Wednesday, August 20, 2008

Barbara Stanwyck in "Ten Cents a Dance"


TCM had another one of their Stanywck days today, and tivo nabbed me TEN CENTS A DANCE (1931). Stanwyck is on a great slow burn here, starting out as a naive--though world-weary-- dance hall girl and ending as a wizened (but still world-weary) dance hall girl. And the dialogue sizzles with half/double entendres, as when a new dancer is explaining what the stern matron of the dance hall, Miss Blanchard, told her about dancing with the guys: "She said be very careful, but not so careful. She tole me to be inna... inamit..intimate but lady-like. Now what do you make out of that? To feel my way along until I got the hang of things..."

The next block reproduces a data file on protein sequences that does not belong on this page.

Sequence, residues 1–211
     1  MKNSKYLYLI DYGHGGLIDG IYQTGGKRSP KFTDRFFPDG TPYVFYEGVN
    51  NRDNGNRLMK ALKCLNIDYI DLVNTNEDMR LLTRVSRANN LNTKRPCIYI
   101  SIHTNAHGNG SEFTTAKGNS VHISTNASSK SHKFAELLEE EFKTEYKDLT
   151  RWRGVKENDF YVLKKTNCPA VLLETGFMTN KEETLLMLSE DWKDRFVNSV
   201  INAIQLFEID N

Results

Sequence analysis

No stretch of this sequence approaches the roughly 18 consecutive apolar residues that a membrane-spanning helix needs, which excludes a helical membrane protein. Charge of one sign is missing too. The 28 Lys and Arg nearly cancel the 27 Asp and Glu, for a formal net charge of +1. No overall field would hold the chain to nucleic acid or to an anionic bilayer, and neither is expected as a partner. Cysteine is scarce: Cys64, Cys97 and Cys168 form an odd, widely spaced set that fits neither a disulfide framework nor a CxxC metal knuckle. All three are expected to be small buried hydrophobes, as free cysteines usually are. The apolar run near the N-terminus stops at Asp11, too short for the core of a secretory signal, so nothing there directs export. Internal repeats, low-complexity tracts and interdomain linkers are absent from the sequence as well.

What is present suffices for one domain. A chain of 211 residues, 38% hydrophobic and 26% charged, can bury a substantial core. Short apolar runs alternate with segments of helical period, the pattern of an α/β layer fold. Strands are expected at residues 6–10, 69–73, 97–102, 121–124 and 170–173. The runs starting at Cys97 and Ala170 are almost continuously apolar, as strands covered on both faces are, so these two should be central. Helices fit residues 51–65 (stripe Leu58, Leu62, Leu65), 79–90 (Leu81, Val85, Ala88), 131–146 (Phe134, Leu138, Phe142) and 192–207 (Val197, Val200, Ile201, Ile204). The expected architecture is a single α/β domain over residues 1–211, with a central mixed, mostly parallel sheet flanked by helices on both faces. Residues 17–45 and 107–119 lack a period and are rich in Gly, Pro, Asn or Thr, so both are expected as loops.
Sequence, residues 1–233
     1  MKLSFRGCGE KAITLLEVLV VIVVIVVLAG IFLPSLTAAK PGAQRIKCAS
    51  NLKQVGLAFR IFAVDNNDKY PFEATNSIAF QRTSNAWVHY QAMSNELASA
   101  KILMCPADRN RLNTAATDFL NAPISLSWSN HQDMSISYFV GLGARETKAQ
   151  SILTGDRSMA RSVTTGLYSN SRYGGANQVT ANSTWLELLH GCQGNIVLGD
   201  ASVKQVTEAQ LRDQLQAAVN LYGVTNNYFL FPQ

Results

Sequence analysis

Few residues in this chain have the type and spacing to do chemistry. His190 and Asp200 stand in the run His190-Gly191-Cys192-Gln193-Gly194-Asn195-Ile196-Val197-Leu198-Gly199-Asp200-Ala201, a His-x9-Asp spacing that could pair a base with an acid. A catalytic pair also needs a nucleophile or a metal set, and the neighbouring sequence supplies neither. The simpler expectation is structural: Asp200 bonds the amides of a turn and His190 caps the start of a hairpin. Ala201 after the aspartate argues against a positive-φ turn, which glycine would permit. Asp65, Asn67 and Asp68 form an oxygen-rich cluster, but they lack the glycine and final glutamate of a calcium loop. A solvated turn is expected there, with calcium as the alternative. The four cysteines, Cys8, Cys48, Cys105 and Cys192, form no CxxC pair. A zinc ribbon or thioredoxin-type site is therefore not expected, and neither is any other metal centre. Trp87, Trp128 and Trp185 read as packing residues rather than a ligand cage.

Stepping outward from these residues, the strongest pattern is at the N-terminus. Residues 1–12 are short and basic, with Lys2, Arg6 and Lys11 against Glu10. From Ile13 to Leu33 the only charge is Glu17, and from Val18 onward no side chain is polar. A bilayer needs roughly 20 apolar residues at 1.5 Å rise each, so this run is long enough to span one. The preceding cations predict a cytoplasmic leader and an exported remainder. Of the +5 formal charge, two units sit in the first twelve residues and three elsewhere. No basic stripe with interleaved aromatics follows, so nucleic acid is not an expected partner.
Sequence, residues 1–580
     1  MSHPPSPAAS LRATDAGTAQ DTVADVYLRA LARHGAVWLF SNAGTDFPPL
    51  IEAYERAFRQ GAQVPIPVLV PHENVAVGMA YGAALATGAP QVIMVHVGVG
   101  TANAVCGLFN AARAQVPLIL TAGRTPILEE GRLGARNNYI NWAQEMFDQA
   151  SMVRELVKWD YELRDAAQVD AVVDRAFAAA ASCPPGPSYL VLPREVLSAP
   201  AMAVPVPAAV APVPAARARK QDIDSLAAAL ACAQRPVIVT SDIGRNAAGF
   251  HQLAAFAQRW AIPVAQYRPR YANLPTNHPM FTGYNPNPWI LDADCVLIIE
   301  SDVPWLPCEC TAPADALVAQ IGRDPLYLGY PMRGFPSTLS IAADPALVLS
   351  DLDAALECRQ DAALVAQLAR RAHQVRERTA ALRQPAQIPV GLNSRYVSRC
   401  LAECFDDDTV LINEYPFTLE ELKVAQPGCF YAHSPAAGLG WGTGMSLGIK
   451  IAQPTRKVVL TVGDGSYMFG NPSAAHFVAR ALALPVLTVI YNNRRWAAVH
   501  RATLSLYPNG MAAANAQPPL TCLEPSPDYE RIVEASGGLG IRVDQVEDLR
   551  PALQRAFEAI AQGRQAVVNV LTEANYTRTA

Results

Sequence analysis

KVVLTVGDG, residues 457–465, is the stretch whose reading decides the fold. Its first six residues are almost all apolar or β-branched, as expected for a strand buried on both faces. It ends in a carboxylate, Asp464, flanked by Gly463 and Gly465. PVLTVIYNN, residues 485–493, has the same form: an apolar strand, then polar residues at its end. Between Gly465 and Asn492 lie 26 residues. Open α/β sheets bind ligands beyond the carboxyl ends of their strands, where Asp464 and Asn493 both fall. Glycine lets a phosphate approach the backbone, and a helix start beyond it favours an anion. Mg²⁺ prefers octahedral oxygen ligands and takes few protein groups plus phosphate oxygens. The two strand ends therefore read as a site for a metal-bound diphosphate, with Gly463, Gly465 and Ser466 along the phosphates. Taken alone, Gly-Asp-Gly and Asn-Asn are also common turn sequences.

Hmm, re-reading it now, it's not so tawdry. But it's how she says it, and where she says it... in a crowded pre-code dance hall. "Feeling your way until you get the hang of things" is not only a double entendre, it's site-specific! We all snug at home don't have to worry about it, but there was a time when people lived with no privacy, a time when several generations lived under the same roof and no bed however small wasn't guarded by at least some embittered virgin equivalent of an East German Stasi. You do the math, especially when you hear Babs explain the job of glowering matron Mrs. Blanchard as "keeping it hot enough to avoid bankruptcy and cold enough to avoid raids."